How to Calculate Dilution in Earnings Per Share

by Edriaan Koening, studioD

As an investor, you use various tools to determine whether to invest in a particular company's stocks. Earnings per share calculates a company's total earnings for a period of time and divides it by the number of shares outstanding. This helps you measure the financial health of the company. The number of shares outstanding may increase over time and reduce the company's earnings per share. Known as dilution, this process may reduce the value of individual stocks.

Find out the number of shares outstanding for the period you are analyzing. The value of the shares don't affect the earnings per share calculation. For example, a company may have 500,000 shares outstanding, each worth $10. It does not matter if each share is worth $15 or $20 instead of $10.

Check the amount of earnings the company generates during the period. You may find this information in the company's income statement.

Divide the company's earnings by the number of shares it has outstanding to get the earnings per share. For example, the company may earn $1 million with 500,000 shares outstanding. Its earnings per share would be $2 (from $1 million / 500,000).

Determine the number of stock options, warrants and other convertible securities the company has outstanding. An investor who holds such securities can convert them into stocks, increasing the number of stocks outstanding. Diluted earnings per share figure assumes that investors convert all these securities into stocks.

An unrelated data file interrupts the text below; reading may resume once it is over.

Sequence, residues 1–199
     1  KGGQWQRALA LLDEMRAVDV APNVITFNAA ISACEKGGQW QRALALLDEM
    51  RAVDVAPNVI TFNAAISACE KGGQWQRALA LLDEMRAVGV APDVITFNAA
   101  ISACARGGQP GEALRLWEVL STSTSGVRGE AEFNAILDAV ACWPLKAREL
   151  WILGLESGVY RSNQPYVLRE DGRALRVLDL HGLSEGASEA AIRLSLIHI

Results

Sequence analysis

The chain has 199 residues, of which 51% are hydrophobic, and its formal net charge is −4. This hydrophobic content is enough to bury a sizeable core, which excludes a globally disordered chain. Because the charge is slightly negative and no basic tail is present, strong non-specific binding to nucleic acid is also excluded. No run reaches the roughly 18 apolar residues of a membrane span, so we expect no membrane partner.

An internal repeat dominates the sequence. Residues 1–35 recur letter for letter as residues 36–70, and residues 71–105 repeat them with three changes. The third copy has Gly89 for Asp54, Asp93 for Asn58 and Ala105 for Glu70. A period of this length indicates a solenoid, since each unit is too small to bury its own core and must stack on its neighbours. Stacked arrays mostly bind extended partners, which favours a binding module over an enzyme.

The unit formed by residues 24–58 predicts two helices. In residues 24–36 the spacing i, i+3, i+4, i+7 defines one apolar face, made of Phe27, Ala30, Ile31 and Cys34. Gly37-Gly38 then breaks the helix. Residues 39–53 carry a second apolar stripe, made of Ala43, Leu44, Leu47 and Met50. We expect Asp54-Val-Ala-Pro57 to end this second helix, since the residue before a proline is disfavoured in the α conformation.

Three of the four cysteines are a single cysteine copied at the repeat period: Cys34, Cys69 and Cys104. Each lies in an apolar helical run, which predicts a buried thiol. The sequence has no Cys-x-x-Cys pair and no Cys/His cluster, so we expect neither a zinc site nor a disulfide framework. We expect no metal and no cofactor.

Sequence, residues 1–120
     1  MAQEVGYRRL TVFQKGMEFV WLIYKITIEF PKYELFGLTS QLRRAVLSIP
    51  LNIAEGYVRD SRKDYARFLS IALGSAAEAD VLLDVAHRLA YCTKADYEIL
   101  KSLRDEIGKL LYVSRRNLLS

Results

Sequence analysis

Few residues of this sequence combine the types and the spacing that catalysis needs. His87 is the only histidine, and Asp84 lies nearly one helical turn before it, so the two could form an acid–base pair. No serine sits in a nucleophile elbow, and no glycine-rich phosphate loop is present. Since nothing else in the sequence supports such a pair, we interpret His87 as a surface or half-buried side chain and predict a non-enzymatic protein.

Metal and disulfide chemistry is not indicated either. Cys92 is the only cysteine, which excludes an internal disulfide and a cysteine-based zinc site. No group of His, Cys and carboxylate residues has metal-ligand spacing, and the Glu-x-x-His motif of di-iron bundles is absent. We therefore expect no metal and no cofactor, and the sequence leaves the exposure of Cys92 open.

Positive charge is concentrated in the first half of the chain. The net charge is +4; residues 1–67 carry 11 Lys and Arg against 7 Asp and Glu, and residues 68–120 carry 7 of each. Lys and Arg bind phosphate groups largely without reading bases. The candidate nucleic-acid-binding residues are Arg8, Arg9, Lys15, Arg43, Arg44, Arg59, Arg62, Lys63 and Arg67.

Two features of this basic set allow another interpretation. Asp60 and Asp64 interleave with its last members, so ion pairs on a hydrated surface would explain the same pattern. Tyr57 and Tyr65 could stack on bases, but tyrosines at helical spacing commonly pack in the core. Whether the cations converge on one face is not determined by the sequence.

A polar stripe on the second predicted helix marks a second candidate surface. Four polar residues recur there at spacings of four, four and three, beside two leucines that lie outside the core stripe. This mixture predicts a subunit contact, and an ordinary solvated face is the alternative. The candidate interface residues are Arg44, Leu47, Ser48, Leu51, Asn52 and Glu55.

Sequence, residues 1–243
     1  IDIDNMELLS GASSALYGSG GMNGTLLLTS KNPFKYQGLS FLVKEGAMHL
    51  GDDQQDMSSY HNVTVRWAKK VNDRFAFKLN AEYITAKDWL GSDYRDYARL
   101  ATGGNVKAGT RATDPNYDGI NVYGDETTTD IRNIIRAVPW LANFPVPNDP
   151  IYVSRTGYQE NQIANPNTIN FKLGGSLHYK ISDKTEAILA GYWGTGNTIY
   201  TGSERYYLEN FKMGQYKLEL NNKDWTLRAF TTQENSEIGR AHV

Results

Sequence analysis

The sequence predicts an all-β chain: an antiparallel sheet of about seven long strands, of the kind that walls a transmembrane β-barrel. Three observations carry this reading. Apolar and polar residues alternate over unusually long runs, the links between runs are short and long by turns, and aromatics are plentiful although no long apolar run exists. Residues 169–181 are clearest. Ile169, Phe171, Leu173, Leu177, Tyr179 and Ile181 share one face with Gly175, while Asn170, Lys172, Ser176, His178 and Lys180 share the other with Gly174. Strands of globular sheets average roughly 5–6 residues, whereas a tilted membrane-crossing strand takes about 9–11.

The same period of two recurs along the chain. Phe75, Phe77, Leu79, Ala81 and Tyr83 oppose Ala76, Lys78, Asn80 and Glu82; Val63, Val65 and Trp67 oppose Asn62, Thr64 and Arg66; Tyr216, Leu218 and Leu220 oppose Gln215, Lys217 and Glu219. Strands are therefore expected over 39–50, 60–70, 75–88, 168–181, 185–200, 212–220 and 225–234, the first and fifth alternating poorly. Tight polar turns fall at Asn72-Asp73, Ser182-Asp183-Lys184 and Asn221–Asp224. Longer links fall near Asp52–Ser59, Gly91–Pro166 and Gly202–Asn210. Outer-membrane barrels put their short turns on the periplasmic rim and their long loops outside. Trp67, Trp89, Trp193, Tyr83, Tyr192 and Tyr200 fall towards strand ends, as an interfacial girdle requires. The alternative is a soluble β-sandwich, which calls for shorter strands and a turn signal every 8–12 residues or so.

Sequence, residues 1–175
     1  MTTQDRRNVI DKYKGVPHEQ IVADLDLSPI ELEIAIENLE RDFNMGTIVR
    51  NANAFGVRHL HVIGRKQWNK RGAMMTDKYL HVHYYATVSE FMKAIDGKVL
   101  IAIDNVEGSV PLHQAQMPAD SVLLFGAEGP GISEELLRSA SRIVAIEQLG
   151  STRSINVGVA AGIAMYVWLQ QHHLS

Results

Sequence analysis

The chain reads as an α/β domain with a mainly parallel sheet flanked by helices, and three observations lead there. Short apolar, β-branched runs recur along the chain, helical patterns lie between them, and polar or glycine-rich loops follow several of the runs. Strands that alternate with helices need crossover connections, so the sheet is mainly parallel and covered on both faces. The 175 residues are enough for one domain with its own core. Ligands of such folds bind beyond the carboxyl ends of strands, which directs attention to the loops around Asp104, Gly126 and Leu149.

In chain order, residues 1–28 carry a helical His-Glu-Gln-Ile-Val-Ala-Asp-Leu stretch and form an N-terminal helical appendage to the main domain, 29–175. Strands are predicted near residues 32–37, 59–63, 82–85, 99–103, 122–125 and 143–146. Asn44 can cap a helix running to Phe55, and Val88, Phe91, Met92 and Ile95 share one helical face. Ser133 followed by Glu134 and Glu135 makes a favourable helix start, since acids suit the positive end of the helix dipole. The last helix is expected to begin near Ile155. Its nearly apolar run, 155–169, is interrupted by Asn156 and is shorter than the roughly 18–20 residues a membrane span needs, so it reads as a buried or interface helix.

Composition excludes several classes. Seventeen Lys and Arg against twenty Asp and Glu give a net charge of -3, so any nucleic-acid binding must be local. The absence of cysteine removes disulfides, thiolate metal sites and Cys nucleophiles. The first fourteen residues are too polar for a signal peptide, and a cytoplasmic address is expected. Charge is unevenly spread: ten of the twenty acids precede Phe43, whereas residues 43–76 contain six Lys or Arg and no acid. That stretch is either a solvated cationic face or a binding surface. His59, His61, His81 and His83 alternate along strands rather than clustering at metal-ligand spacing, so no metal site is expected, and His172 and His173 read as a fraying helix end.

Divide the company's earnings by the number of shares outstanding if investors turn all convertible securities into stocks. For example, a company gets $1 million in earnings and has 250,000 stock options in circulation with 500,000 stocks already outstanding. Its diluted earnings per share would be $1.33 (from $1 million / 750,000). Compare this with the higher, undiluted earnings per share of $2 in Step 3.

About the Author

Edriaan Koening began writing professionally in 2005, while studying toward her Bachelor of Arts in media and communications at the University of Melbourne. She has since written for several magazines and websites. Koening also holds a Master of Commerce in funds management and accounting from the University of New South Wales.

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